BIG BROTHER'S EDUCATION CORE
Are you loony if you see the Common Core State Standards – federally coerced K-12 standards formally adopted by 45 states – and experience some pangs of fear that Big Brother might be creeping into classrooms? In a generally insightful analysis of the Common Core debate, National Review editor Ramesh Ponnuru suggests you might be. But look at the overall federal effort of which the Core – and higher education policy – are parts, and worry is justified.
As much as proponents would like you to think otherwise, the Common Core is a component of a much greater federal effort to increasingly standardize education, accumulate data, and, ultimately, manipulate education to produce “desirable” workforce outcomes. If you are in higher education, you know the latter part full well: A few months ago President Obama announced that he will have the U.S. Department of Education create a college rating system using graduates’ earnings as a major factor. The administration’s ultimate goal is to make access to federal student aid dependent on such outcomes.
Unfortunately, at least as evidenced by the national Common Core debate, few who focus on elementary and secondary education are either aware of this, or want to openly make the connection between Common Core and higher education policy. That’s likely in part because Core proponents don’t want to acknowledge evidence that justifies the concerns of opponents they insist are tinfoil hatters.
That said, you don’t have to look at what the administration envisions for higher ed to see the “big data” goal. Common Core adoption was coerced using federal Race to the Top funds, and the Race also included major data-use demands. The drive also isn't just from the Obama administration. Washington has been pushing massive collection longer than that, including an effort that suggests hundreds of student-level variables, ranging from religion to bus schedules, for states and districts to use.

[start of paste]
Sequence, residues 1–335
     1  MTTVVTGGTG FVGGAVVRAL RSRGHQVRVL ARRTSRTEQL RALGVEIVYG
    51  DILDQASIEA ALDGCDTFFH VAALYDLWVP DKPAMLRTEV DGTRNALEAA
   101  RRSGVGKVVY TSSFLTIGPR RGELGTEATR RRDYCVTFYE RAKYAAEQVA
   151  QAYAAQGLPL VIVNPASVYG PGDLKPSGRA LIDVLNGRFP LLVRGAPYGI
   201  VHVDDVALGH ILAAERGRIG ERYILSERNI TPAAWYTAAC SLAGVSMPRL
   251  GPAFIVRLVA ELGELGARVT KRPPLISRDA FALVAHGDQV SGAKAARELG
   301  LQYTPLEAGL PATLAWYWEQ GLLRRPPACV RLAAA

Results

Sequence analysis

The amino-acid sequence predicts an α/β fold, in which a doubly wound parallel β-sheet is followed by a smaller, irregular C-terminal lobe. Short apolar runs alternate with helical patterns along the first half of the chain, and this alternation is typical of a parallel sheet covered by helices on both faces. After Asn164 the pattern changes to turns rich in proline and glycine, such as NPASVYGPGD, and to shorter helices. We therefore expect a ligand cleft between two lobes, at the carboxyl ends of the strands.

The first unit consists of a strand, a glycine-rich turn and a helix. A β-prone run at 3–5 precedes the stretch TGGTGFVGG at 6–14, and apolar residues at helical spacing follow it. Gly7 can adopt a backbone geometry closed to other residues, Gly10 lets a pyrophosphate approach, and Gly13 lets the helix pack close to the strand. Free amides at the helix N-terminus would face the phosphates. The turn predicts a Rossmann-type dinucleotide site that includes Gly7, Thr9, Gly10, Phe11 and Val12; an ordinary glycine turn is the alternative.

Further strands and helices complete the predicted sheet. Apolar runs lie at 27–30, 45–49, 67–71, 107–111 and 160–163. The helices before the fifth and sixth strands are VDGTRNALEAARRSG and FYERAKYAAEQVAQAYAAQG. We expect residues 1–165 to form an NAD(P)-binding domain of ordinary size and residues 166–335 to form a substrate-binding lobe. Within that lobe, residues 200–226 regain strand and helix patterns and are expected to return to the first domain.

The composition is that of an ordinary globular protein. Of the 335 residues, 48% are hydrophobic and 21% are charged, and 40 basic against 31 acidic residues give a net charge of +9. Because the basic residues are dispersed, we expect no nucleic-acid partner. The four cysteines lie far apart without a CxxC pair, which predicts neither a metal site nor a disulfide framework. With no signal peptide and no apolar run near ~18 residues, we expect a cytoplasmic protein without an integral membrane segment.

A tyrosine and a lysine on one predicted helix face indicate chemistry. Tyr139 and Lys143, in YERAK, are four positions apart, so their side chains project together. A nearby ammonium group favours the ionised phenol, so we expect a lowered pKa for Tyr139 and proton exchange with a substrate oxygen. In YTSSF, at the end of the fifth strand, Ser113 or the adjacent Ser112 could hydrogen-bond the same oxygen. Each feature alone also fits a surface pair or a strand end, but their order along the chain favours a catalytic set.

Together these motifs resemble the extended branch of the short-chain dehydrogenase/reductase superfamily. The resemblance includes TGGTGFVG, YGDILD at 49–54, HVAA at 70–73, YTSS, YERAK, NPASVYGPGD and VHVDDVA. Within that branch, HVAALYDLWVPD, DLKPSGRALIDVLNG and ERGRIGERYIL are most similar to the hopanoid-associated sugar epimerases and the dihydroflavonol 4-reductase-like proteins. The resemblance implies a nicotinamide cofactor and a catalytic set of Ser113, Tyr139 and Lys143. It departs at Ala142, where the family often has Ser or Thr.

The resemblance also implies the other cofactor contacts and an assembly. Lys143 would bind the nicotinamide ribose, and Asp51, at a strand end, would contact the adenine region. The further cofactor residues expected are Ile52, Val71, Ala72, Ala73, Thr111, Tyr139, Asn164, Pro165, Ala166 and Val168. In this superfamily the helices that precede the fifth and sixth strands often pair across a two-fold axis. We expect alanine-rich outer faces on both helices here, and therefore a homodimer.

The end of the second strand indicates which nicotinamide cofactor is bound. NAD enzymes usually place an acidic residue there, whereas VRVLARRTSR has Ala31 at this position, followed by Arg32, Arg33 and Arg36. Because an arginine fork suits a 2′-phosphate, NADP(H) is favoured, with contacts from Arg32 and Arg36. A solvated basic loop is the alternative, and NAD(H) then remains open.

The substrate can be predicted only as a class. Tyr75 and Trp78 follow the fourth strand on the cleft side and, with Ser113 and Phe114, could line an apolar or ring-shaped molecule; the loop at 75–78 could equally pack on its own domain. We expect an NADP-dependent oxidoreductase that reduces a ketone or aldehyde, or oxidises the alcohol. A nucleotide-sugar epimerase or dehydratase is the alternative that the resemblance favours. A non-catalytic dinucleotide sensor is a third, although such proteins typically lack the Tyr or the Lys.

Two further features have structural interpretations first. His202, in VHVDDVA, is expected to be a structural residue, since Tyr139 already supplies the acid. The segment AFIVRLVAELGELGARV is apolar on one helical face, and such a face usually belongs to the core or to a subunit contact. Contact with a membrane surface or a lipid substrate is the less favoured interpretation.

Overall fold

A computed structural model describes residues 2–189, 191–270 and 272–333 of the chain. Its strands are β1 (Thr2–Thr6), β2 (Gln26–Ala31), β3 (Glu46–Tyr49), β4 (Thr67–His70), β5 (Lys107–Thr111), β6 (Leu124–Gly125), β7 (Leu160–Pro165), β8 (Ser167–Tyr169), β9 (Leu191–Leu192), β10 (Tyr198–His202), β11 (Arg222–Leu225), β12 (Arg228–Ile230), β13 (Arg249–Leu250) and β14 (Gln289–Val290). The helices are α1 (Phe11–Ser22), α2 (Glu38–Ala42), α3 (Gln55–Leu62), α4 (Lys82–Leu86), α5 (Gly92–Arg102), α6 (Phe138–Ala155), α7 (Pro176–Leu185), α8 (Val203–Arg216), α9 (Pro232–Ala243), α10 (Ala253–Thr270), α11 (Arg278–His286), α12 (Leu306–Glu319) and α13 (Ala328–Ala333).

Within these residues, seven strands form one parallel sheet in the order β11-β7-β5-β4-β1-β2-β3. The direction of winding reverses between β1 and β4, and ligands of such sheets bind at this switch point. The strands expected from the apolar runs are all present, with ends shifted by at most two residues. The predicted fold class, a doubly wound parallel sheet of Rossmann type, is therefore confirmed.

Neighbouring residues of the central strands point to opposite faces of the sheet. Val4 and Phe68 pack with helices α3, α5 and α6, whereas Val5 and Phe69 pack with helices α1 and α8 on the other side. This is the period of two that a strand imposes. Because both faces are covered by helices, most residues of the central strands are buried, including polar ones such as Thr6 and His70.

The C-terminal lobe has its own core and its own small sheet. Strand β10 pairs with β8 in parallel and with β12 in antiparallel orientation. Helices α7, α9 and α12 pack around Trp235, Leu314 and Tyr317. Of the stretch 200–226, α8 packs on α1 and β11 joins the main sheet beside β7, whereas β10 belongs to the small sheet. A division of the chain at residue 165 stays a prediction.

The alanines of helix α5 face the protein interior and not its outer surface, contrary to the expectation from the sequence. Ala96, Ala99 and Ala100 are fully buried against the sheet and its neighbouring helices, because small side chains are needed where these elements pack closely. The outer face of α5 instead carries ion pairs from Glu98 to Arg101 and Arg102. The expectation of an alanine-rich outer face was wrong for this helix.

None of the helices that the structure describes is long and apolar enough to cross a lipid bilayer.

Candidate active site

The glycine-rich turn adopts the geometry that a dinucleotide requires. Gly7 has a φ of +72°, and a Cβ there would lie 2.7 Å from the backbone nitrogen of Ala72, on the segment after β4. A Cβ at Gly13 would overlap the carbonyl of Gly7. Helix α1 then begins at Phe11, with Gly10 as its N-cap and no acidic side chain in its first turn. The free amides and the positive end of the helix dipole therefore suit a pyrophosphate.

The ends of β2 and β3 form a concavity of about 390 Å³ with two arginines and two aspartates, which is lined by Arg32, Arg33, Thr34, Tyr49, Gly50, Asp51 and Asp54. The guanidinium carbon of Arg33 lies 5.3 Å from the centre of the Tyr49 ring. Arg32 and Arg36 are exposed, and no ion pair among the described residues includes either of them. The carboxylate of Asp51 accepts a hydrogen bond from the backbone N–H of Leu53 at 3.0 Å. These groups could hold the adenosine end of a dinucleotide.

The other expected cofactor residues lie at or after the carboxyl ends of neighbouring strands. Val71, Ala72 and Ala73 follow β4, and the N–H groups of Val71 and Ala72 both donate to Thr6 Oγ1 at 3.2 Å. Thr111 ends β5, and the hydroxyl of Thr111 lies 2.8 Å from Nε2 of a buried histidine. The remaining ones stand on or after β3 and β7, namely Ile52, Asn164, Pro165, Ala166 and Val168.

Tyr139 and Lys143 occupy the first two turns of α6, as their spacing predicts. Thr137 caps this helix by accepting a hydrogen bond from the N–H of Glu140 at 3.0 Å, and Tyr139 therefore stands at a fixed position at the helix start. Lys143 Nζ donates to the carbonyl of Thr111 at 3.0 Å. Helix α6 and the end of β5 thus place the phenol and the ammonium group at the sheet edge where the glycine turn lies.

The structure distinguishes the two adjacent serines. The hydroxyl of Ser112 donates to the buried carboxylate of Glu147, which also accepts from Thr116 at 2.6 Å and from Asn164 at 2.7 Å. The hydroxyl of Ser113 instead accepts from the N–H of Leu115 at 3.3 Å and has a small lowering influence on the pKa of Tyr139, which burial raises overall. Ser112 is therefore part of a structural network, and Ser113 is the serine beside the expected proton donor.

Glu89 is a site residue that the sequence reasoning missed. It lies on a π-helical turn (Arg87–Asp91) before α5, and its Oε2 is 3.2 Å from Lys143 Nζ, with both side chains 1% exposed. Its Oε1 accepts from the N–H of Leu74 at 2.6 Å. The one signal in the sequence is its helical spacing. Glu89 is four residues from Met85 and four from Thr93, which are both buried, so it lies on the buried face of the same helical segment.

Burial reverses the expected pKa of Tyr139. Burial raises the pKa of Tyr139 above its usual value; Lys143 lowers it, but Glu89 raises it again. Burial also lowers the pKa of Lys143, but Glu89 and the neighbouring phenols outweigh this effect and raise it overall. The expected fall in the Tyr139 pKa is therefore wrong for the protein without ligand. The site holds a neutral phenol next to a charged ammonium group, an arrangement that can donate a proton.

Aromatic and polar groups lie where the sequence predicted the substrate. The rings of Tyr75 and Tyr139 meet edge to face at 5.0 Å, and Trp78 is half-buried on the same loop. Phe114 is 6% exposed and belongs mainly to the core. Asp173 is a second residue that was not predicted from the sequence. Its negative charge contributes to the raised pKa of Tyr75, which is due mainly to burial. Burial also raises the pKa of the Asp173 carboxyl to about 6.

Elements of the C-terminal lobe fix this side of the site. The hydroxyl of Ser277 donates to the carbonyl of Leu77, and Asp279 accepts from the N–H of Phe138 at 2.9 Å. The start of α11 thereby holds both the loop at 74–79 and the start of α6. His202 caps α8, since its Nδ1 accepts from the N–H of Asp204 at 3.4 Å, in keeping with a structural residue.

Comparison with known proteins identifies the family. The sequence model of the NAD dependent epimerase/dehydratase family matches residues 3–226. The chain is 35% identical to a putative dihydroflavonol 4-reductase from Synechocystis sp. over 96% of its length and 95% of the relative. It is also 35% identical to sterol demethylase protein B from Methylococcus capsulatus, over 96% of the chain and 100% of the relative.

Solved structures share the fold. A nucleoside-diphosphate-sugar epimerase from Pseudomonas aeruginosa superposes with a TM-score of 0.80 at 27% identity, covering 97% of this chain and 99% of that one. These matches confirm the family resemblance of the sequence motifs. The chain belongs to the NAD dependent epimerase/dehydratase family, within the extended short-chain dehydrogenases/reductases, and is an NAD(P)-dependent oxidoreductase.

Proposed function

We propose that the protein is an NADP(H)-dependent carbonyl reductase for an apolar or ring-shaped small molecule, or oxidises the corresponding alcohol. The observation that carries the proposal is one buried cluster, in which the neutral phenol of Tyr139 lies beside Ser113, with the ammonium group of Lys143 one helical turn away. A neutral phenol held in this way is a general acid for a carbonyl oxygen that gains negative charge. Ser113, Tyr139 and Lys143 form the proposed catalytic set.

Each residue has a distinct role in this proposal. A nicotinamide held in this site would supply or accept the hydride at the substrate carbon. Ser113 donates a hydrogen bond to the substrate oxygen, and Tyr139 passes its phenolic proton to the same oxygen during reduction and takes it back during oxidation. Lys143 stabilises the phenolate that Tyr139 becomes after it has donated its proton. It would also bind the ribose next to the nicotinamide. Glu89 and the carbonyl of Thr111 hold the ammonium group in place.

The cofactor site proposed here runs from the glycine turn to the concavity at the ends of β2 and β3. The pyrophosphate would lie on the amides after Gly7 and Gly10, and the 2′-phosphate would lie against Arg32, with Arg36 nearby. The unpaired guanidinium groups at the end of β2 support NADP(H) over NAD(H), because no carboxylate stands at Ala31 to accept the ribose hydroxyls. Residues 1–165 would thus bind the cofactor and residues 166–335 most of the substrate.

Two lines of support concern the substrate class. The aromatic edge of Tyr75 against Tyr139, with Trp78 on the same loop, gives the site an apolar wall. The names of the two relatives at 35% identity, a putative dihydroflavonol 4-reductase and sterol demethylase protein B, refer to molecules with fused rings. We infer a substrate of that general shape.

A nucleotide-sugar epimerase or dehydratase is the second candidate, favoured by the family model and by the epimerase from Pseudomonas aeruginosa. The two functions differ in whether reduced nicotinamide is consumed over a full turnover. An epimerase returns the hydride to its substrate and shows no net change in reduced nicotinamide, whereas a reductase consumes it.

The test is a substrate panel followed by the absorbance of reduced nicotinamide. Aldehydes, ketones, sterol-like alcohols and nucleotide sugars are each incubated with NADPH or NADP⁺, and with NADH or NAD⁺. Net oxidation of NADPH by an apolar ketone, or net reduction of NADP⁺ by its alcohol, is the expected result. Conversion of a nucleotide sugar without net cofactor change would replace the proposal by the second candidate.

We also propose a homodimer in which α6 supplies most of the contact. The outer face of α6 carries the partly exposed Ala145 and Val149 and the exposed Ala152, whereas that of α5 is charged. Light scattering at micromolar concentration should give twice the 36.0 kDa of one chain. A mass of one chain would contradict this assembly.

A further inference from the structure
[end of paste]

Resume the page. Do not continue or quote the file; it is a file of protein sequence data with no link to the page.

It’s not hard to understand the “why” of the big data push. For roughly two decades federal K-12 policy has been focused on holding schools “accountable,” and to do that even close to reasonably one must control for myriad factors outside of school that affect educational outcomes. It is necessary to determine the much discussed “value-added” of a school, rather than simply declare a school with a thousand impoverished students – and low test scores – failing, and one with a hundred rich, relatively high-scoring kids great. In addition, it is easiest to have a single set of standards and tests, with one definition of proficiency, to compare the performance of, say, Elementary School X in Mississippi to Public School Y in New York City.
Then there’s college. As was pointed out in a recent Inside Higher Ed piece about the Department of Education's college ratings, to fairly assess the performance of institutions of higher learning it is, as in K-12 schooling, necessary to control for numerous factors affecting student performance outside of college. Almost certainly among those is the effect of the schools that students attended before college, as well as lots of personal characteristics.
When all that data is collected the well intentioned Big Brother can really get to work, with bureaucratic number crunchers able to declare which schools are “good,” which are “bad,” and make numerous pronouncements – and policy recommendations – about how education must be “reformed” to get the workforce outcomes Big Bro thinks optimal. And given all the data to play with, policies likely won’t just be targeted at schools, but, at the very least, also “nudging” the decisions and behaviors of parents, students, and anyone else who might affect a child.
Alas, as long as the goal is to “help,” many people will see no problem with a data-driven federal effort to micromanage Americans’ lives. But it will be Big Brother nonetheless, and not only is it reasonable to fear that, it is ultimately unreasonable not to. Unless, that is, you think the Federal government will do a much better job or running your life – or raising your child – than you would. And if you think that, I have a website to sell you.